'To the Nightingale' by Samuel Taylor Coleridge
AI and Tech Aggregator
Download Mp3s Free
Tears of the Kingdom Roleplay
Best Free University Courses Online
Sister of love-lorn Poets, Philomel!
How many Bards in city garret pent,
While at their window they with downward eye
Mark the faint lamp-beam on the kennell'd mud,
And listen to the drowsy cry of Watchmen
(Those hoarse unfeather'd Nightingales of Time!),
How many wretched Bards address thy name,
And hers, the full-orb'd Queen that shines above.
But I do hear thee, and the high bough mark,
Within whose mild moon-mellow'd foliage hid
Thou warblest sad thy pity-pleading strains.
O! I have listen'd, till my working soul,
Waked by those strains to thousand phantasies,
Absorb'd hath ceas'd to listen! Therefore oft,
I hymn thy name: and with a proud delight
Oft will I tell thee, Minstrel of the Moon!
'Most musical, most melancholy' Bird!
That all thy soft diversities of tone,
Tho' sweeter far than the delicious airs
That vibrate from a white-arm'd Lady's harp,
What time the languishment of lonely love
Melts in her eye, and heaves her breast of snow,
Are not so sweet as is the voice of her,
My Sara - best beloved of human kind!
When breathing the pure soul of tenderness,
She thrills me with the Husband's promis'd name!
Editor 1 Interpretation
To the Nightingale by Samuel Taylor Coleridge
"To the Nightingale" is one of the most famous poems by Samuel Taylor Coleridge, the romantic poet of the 18th century. In this poem, the speaker addresses the nightingale, an emblem of beauty and song, and expresses his admiration and envy for its ability to sing so sweetly. Coleridge's poem is a tribute to nature and the beauty of the natural world, and its themes of beauty, mortality, and the power of art have resonated with readers for generations.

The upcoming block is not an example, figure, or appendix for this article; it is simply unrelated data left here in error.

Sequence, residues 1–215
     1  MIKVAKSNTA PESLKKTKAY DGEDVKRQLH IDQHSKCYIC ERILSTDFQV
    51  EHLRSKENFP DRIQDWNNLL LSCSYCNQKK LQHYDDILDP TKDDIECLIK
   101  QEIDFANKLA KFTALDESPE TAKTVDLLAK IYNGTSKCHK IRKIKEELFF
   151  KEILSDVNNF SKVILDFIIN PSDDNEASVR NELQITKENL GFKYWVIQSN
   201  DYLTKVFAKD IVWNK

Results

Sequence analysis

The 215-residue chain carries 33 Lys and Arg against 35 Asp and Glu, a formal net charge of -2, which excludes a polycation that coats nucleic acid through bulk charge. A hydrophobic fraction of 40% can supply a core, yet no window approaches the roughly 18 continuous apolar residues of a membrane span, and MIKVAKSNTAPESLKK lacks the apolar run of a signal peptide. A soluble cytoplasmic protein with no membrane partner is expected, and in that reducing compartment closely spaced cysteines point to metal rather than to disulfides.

The poem "To the Nightingale" consists of eight stanzas, each with six lines. The poem is written in iambic tetrameter, with an AABCCB rhyme scheme. The poem is characterized by its rich imagery and vivid descriptions of nature. The nightingale is the central focus of the poem, and Coleridge's admiration for the bird can be seen throughout the poem.
The first stanza of the poem sets the scene and introduces the nightingale. The speaker begins by addressing the bird directly, saying, "O nightingale! Thou surely art/A creature of a fiery heart!" The nightingale is described as a creature of passion and energy, with a fiery heart that fuels its beautiful song. The speaker also describes the bird's surroundings, saying that it "dwellest" in "a vale/Remote among the hills" and "pour'st" forth its song "beside the springs and rills." This description of the nightingale's natural habitat sets the tone for the rest of the poem, emphasizing the beauty and power of nature.